Thilo Beck at WEF Roundtable - A Roadmap to Sustainable Health and Better Well-being in the Workforce and Society

Goals House Roundtable, World Economic Forum, Davos – Thilo Beck

A Roadmap to Sustainable Health and Better Well-being in the Workforce and Society: Elaborating on Key Points.   We are living through a historical period defined by uncertainty, which is having a profound impact on our mental health. Research shows that – on average, 15% of working-age adults live with a mental health condition globally,…

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Affluent Neglect

Society expresses great concern for poor, underserved children and the increased likelihood they may lack access to health care and education, or that they may turn to drugs or crime in adulthood. Less attention is paid to children of affluent parents who have their own set of problems. Emotional neglect often goes unnoticed or unreported, which may…

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What is Dialectical Behavior Therapy?

Dialectical behavior therapy (DBT), developed by Marsha Linehan, Ph. in the 1980s, is a type of talk therapy originally designed for high-risk, suicidal people diagnosed with borderline personality disorder. Today, DBT is used to treat people struggling with a range of complex and intense emotions, including substance abuse and addiction, PTSD, bipolar disorder, eating disorders,…

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The Pandemic-Push: Why are so Many People Suddenly Buying Prescription Drugs Online?

Prescription-med sales skyrocket due to the pandemic, but when does use become abuse? Paracelsus Recovery’s experts weigh in. More and more people are illegally purchasing prescription medication such as anxiety or sleeping pills online as the pandemic takes its toll on our wellbeing. The pandemic has left a mental health crisis in its wake. Rates…

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Empowering Children Growing up in Addicted Homes

Addiction and substance abuse are tremendous problems that affect the entire family – including the youngest members. Addiction happens in the best of families and no family is immune.

The number of children affected by addiction is staggering: consider that in the United States, two babies are born to addicted parents every second of every day. The National Institute on Drug Abuse (NIDA), estimates that one-quarter of American children grow up in homes where substance abuse is present.

Kids who grow up in addicted homes are twice as likely to develop their own addictive disorders. They are also more likely to experience problems at school, low self-esteem, behavioral and emotional problems, depression, anxiety and stress-related physical illnesses.

Kids often turn to a relative, family friend, caring neighbor, or other trusted adult who has expressed concern about the child’s situation. The good news is that one stable, caring adult can make a significant difference in the trajectory of a child’s life.

How Adults can Help

If you’re worried about a child growing up in an addicted home, you don’t need to be a professional counselor or an expert on addiction. In fact, you don’t need any special skills at all; you just need to care.  Here are some things to keep in mind:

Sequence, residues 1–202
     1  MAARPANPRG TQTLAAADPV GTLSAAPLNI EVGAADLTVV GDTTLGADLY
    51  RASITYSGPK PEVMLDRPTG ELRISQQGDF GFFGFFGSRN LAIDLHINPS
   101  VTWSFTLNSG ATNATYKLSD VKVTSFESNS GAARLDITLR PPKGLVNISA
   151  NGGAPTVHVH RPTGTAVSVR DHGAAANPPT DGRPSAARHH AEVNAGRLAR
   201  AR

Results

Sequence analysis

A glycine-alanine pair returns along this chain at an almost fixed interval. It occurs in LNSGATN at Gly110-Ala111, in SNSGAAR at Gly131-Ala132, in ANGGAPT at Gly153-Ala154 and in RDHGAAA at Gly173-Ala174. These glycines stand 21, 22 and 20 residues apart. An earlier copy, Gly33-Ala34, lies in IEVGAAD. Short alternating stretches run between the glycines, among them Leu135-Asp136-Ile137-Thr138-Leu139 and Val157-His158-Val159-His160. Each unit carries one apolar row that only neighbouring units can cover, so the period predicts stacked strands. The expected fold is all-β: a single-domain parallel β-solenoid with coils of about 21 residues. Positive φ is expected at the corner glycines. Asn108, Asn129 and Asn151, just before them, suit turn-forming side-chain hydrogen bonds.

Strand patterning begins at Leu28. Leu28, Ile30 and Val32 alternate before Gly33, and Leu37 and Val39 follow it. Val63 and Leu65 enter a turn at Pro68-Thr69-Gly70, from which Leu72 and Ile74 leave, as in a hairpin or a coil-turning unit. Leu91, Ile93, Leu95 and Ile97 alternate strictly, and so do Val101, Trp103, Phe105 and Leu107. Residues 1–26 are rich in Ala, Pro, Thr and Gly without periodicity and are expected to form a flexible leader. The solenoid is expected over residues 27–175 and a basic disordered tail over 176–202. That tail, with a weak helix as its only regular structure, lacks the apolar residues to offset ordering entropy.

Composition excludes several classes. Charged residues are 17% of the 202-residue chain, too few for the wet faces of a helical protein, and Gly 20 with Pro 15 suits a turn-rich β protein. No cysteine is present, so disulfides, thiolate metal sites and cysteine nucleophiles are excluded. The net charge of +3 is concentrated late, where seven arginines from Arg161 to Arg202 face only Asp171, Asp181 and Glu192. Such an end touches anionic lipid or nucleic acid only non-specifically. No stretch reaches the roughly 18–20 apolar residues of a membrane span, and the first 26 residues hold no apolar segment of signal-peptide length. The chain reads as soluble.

• Don’t be afraid to reach out to a child. Many people hesitate to approach a child about addiction in the family for fear of making things worse, but remember: there’s a good chance you can make the child’s life much better.
  • Take time to learn a few basic facts about addiction. Knowledge will help you understand what’s happening in the child’s home.
  • Explain to the child that addiction is an illness. He didn’t cause it and he can’t make it better. Provide age-appropriate information that will help kids understand what their parents are dealing with.
  • Be forthright and don’t sugarcoat the issues; even young children can sense when an adult isn’t being truthful.
  • Be patient while the child learns to trust you. Remember, children growing up in addicted homes are accustomed to harsh words and broken promises.
  • Assure the child that she isn’t alone. Most families struggle with their own set of issues, and millions of kids live in addicted families.
  • Have fun. Children who grow up with addiction face serious issues every day and are often required to accept responsibility beyond their years. A few minutes of silliness and laughter can lighten the load for kids who carry the weight of the world on their shoulders.
  • If you live far away, remember that you can still help. Write letters, send cards, make phone calls.
  • Be calm. Children of addicted families live in a constant state of fear, chaos and worry. You can provide a bit of much-needed stability.
  • Listen without judgment or criticism. Give the child your full attention, even for just 10 or 15 minutes. Ask questions and encourage the child to discuss their concerns.
  • Provide a list of resources in your area. For example, kids in the United States can call organizations such as the National Association for Children of Alcoholics (NACOA). Al-Anon and Alateen have offices and informational services in countries around the world.
  • If the situation in the family has deteriorated beyond your ability to help, or if you’re concerned about the child’s safety and well-being, tell somebody such as a trusted teacher or counselor.

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